Holy cow. This book is incredible.
The way it’s structured reminds me a bit of Iain Pears’ An Instance of the Fingerpost, but People of the Book is less conspicuously a mystery (and, for me at least, more satisfying even though I enjoyed Fingerpost).
The story follows the investigations of a book conservator into the Sarajevo Haggadah, a Jewish religious text that’s survived 500 years of war, pogrom, and book burnings including the Inquisition, the Holocaust, and the period of “ethnic cleansing” in Bosnia. Chapters on the conservator’s discoveries in the present are interspersed with chapters tracing back the origins of each clue to a different time period and set of characters for whom the haggadah was meaningful.
Brooks drew me along on this tale from the first page. Her characters are multi-faceted and feel like real people with all of our strengths and weaknesses all rolled up together. I loved the delightful feeling of disorientation I got at the beginning of each of the historical sections, which dissolved into clarity as the light Brooks shined on the setting expanded to illuminate the time and location distinctly. This book also helped me to understand better the appeal that old books—and even just library books, which pass from hand to hand—hold for me. It left me wanting to be a book conservator. Maybe in my next life.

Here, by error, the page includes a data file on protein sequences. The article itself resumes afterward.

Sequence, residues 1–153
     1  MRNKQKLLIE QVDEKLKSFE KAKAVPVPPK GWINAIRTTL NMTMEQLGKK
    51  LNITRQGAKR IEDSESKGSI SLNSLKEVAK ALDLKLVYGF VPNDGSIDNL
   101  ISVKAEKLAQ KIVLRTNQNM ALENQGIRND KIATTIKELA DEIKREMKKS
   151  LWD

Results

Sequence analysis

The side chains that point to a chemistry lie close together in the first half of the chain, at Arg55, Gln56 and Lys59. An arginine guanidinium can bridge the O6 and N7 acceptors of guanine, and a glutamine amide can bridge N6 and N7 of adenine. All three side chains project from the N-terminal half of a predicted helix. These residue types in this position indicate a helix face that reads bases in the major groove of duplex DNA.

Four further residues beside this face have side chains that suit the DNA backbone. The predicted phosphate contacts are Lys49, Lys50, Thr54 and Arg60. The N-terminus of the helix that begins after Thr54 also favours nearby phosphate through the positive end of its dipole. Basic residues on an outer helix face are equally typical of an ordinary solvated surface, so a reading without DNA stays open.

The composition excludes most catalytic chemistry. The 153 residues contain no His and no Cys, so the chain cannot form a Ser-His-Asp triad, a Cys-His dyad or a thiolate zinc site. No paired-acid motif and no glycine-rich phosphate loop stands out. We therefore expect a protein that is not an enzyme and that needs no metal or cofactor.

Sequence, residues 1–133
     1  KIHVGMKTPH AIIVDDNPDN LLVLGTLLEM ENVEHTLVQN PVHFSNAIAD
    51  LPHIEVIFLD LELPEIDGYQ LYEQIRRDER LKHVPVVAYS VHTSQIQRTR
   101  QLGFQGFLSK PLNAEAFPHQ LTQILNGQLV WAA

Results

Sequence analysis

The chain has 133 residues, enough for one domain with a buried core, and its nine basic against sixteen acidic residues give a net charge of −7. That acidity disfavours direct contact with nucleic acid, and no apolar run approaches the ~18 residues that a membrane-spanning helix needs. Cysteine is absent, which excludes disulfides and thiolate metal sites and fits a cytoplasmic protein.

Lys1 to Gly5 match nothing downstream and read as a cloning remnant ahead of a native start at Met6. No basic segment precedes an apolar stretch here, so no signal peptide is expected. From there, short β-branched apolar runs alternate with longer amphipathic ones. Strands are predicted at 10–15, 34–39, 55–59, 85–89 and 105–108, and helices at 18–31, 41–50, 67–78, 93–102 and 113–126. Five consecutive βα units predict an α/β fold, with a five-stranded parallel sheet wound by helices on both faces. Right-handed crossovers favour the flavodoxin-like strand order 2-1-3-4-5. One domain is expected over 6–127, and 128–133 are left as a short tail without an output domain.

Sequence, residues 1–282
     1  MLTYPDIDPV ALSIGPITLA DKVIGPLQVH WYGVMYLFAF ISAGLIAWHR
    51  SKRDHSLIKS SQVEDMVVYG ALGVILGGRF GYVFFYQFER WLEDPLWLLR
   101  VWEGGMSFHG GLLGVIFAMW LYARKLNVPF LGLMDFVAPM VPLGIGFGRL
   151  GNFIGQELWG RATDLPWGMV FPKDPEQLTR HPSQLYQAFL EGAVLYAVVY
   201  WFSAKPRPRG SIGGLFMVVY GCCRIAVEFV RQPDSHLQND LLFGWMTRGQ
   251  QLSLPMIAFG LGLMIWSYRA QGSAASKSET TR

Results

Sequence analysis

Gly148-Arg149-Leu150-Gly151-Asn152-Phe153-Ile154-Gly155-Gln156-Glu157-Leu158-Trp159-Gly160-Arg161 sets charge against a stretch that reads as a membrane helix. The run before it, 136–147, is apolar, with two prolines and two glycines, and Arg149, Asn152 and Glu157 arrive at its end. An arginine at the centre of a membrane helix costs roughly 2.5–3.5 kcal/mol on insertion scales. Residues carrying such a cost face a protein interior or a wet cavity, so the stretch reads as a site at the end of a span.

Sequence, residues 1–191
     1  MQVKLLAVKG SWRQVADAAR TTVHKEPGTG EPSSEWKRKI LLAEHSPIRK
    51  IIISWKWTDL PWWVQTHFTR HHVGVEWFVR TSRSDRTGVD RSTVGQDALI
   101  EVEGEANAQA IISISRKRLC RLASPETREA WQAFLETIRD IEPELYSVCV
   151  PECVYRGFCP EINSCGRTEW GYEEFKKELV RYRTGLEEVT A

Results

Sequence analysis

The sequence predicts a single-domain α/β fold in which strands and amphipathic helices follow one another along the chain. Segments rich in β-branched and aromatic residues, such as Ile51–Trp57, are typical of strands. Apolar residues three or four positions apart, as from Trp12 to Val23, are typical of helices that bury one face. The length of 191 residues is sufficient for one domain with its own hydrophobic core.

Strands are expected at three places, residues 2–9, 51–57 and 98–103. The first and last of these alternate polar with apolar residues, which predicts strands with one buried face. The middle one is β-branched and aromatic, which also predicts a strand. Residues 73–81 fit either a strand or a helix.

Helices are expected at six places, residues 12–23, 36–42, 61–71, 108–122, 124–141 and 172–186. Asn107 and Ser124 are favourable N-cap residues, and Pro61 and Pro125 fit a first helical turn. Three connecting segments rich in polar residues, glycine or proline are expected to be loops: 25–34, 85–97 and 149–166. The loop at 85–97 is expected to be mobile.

When I closed the book this afternoon, I felt a desire to turn it back over and read it again from the beginning immediately. I won’t do that, though, because I’ve got four other books to read that are due back at the library in two weeks. I love this one, but it will be a while before I allow myself the luxury of re-reading it.
With NaNoWriMo coming up, I’m hopeful that such incredible writing will rub off on me and make my own efforts better than they otherwise would be. A woman can hope.
Incidentally, I was surprised to learn that I’ve read Geraldine Brooks before. Her Nine Parts of Desire was a text in my “Women in Religion” class in college. I don’t remember the book, though, which I find somewhat disappointing, but there was a lot of reading for that class. The details of my college reading are largely lost to me now. *sigh*
A quote from People of the Book:
“It was the cold hour, just before sunrise. I stared at the flames, thinking of blackening parchments in a medieval auto-da-fé; of youthful Nazi faces, lit by bonfires of burning books; of the shelled and gutted ruin, just a few blocks away, of Sarajevo’s library. Book burnings. Always the forerunners. Heralds of the stake, the ovens, the mass graves.”